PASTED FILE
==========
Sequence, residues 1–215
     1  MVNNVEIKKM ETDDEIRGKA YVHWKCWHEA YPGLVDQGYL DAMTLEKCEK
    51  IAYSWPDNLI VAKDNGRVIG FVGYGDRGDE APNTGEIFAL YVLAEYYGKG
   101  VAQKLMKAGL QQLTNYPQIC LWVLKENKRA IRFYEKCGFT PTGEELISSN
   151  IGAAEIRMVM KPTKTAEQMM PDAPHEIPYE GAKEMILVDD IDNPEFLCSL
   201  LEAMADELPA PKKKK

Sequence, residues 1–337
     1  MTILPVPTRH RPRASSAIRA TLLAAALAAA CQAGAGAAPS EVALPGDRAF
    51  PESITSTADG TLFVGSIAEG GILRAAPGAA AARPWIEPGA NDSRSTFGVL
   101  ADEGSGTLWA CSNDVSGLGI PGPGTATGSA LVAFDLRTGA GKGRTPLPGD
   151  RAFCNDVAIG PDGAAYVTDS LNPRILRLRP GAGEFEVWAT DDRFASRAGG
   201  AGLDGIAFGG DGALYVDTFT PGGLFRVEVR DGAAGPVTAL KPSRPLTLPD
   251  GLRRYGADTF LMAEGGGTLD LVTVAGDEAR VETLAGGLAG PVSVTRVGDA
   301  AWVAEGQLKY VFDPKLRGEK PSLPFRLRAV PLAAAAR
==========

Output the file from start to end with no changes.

Sequence, residues 1–215
     1  MVNNVEIKKM ETDDEIRGKA YVHWKCWHEA YPGLVDQGYL DAMTLEKCEK
    51  IAYSWPDNLI VAKDNGRVIG FVGYGDRGDE APNTGEIFAL YVLAEYYGKG
   101  VAQKLMKAGL QQLTNYPQIC LWVLKENKRA IRFYEKCGFT PTGEELISSN
   151  IGAAEIRMVM KPTKTAEQMM PDAPHEIPYE GAKEMILVDD IDNPEFLCSL
   201  LEAMADELPA PKKKK

Sequence, residues 1–337
     1  MTILPVPTRH RPRASSAIRA TLLAAALAAA CQAGAGAAPS EVALPGDRAF
    51  PESITSTADG TLFVGSIAEG GILRAAPGAA AARPWIEPGA NDSRSTFGVL
   101  ADEGSGTLWA CSNDVSGLGI PGPGTATGSA LVAFDLRTGA GKGRTPLPGD
   151  RAFCNDVAIG PDGAAYVTDS LNPRILRLRP GAGEFEVWAT DDRFASRAGG
   201  AGLDGIAFGG DGALYVDTFT PGGLFRVEVR DGAAGPVTAL KPSRPLTLPD
   251  GLRRYGADTF LMAEGGGTLD LVTVAGDEAR VETLAGGLAG PVSVTRVGDA
   301  AWVAEGQLKY VFDPKLRGEK PSLPFRLRAV PLAAAAR